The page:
Well, it’s Kansas week. TCU has just two games remaining in the 2020 season (at least officially, though they are still trying to schedule a 10th game and could play in a bowl), and unfortunately, one of them is at Kansas.
For some reason, the Jayhawks have been a bit of a bugaboo for the Horned Frogs, resulting in a lot of close calls and one win we don’t talk about. To see if we could find out why KU is such a problem for TCU, and what Les Miles has brought to Lawrence, we reached out to Andy Mitts of Rock Chalk Talk for answers.
Frogs O’ War: In year two, you could argue that Kansas has regressed under Les Miles, though they are so many mitigating circumstances, of course. What do you think of the job Miles has done in Lawrence, and what do you need to see down the stretch this season and next year to call him a success?
Andy Mitts: I don’t really see this year as regression, just because they lost an NFL-caliber left tackle in Hakeem Adeniji and arguably the best quarterback they’ve had since Todd Reesing in Carter Stanley. Both of those guys gave the offense a lot of leeway to be able to be successful. So already, Kansas was looking at having to replace a lot on the offensive line and break in a brand new QB, which are the foundation of any offense. Then throw in COVID, which took away all of the spring practices and the majority of camp, and it was always going to be rough for the offense.
As for the job that Miles has done, I would actually say that he has done exactly what he intended. His first press conference talked about how this was a 3-4 year rebuild job, minimum, due to the scholarship situation that he inherited from David Beaty. His first class was the only one that took any junior college players, and he has put an emphasis on bringing in local guys, whether on scholarship or as preferred walk-ons. Plus, he has still brought in some of the best recruiting classes we have seen at Kansas in a long time.
To summarize, Les has done exactly what he was expected to do so far, recruiting is looking up, guys are developing, and the future is looking a lot brighter than has the last few years.
FOW: Quarterback play has long been a problem for the Jayhawks, and we all know how hard it is to win in this league without a great one (or with a great one, just ask Texas Tech). Is Jalon Daniels the answer at the position? What are his strengths and weaknesses?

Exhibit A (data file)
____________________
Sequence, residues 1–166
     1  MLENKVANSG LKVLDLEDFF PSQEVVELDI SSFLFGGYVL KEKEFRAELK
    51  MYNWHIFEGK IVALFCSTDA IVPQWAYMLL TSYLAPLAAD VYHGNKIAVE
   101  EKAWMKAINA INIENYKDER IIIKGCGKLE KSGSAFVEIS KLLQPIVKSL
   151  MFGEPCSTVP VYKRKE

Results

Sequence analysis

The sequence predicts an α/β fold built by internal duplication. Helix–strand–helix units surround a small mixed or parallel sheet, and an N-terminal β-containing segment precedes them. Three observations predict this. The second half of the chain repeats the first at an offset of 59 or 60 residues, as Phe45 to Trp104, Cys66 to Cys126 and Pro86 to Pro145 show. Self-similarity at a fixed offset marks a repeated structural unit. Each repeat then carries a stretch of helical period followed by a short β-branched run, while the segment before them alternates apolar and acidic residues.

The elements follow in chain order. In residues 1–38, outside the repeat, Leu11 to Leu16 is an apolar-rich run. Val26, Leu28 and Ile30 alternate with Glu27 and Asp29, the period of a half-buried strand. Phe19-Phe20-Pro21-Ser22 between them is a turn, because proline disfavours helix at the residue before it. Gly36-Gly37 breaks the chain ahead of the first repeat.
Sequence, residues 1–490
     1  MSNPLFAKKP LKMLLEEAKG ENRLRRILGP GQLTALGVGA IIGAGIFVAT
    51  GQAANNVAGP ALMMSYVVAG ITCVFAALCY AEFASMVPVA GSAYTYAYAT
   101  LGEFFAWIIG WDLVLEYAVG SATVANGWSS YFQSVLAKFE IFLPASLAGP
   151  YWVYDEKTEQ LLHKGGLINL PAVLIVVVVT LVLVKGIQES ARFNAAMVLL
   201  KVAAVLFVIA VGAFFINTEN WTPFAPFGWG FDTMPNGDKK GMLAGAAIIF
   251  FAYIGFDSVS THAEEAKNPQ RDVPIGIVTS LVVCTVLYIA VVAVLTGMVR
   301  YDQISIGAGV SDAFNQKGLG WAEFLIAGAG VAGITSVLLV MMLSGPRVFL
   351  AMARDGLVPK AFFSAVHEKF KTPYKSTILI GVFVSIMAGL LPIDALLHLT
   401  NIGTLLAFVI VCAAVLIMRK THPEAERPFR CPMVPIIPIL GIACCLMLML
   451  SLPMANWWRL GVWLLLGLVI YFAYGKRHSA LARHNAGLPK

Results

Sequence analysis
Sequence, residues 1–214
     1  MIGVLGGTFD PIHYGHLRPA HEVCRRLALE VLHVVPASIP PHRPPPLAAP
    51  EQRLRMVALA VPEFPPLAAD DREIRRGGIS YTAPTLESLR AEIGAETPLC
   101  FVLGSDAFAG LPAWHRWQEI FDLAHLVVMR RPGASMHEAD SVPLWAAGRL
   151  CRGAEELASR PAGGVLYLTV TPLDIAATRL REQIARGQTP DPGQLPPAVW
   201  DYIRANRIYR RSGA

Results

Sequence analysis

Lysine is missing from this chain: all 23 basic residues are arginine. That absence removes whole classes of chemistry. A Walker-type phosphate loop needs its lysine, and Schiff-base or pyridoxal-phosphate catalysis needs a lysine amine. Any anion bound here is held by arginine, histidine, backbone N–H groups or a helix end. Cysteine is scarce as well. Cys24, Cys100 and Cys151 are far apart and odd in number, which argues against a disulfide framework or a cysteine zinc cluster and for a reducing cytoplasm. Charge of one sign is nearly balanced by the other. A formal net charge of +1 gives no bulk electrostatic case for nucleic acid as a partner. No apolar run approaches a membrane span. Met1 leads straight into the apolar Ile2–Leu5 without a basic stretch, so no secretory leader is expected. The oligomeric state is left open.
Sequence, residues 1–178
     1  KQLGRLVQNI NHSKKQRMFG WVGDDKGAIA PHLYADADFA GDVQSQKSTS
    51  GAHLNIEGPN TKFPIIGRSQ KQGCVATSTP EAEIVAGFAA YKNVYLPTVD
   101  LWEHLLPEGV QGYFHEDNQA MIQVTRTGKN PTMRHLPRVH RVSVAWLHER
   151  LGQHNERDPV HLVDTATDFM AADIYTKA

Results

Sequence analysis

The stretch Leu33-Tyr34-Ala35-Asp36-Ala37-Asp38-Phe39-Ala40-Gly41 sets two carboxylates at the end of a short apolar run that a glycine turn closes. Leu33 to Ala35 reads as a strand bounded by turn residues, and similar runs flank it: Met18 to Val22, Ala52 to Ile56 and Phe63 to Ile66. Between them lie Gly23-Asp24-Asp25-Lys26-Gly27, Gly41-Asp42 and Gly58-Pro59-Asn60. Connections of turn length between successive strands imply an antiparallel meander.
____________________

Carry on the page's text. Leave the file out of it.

AM: It sounds like a cop-out, but it’s too early to tell. Remember that he is a true freshman with no spring practices, who wasn’t getting first team reps in camp, and he is behind an atrocious offensive line. He is a true dual-threat guy, which will help. He has a cannon for an arm. But his decision making hasn’t been the greatest, and he’s gotten just a little bit skittish after being hit so many times so far. He needs more experience in order to be able to read the defense and adjust, and that is something that is just going to take reps.
FOW: What did Pooka opting out do to the offense and how have they adjusted?
AM: I actually don’t think that Pooka opting out has really hurt them as much as people think it might have. Pooka and his primary backup, Velton Gardner, are both similar types of running backs, and so the defense really only had to prepare for one running style. Add in that they were rarely both on the field at the same time, and KU wasn’t even able to benefit from misdirection or using one as a decoy. With Pooka out, Daniel Hishaw has seen a lot more action. He gives the Jayhawks the ability to play a much more bruising style of running game, and he has even had some success running out of the Wildcat formation. Obviously you never want to be without your best player, but it actually has opened up more options, and forced the Jayhawks to develop guys that were going to be here for multiple years in the future, which is a nice bonus.
FOW: You’ve spoken highly of the Kansas defense, who is in an impossible situation. What do they do well and how do they fluster opposing offenses?
AM: The Kansas defense has actually been surprisingly stout for a large portion of games, and the main driver of that has been the young guys stepping up in both the secondary and on the defensive line.
Karon Prunty has been a stud all year long, and should be a shoo-in for the Big 12 All-Freshman team. Kenny Logan Jr has stepped up big, with a huge interception to give Kansas a chance late in the Iowa State game. He’s also stepped up huge as the kickoff returner. On the line, Marcus Harris and DaJon Terry have developed into bruisers that are requiring double teams much more often. All these guys are young, and have developed significantly in a really short amount of time.
FOW: Which is your matchup to watch Saturday? Where does Kansas have an advantage on the field?
AM: The matchup to watch can’t be anything other than the offensive and defensive lines. Both teams have had poor OL play, and their defensive lines have caused some havoc at times. It’s really going to come down to who is able to stymie the opposing defense just enough to allow their QB to operate.
I actually think that Kansas has an advantage in quite a few places on the field, with one of the best WR corps in the conference and a stellar defensive secondary. The problem has been that the QB hasn’t had time to get the ball to the WRs, and the offense has been so bad that the defense gets hung out to dry and finally gives in at the end of the game..
FOW: This game comes a few days after Thanksgiving, but what is your go-to Turkey Day dish?
AM: My go to dish is the late night Turkey Day leftover sandwich. Take a nice homemade roll, spread some of that cranberry sauce on one side, pile high with leftover turkey, add just a bit of stuffing for some extra seasoning, and then go to town.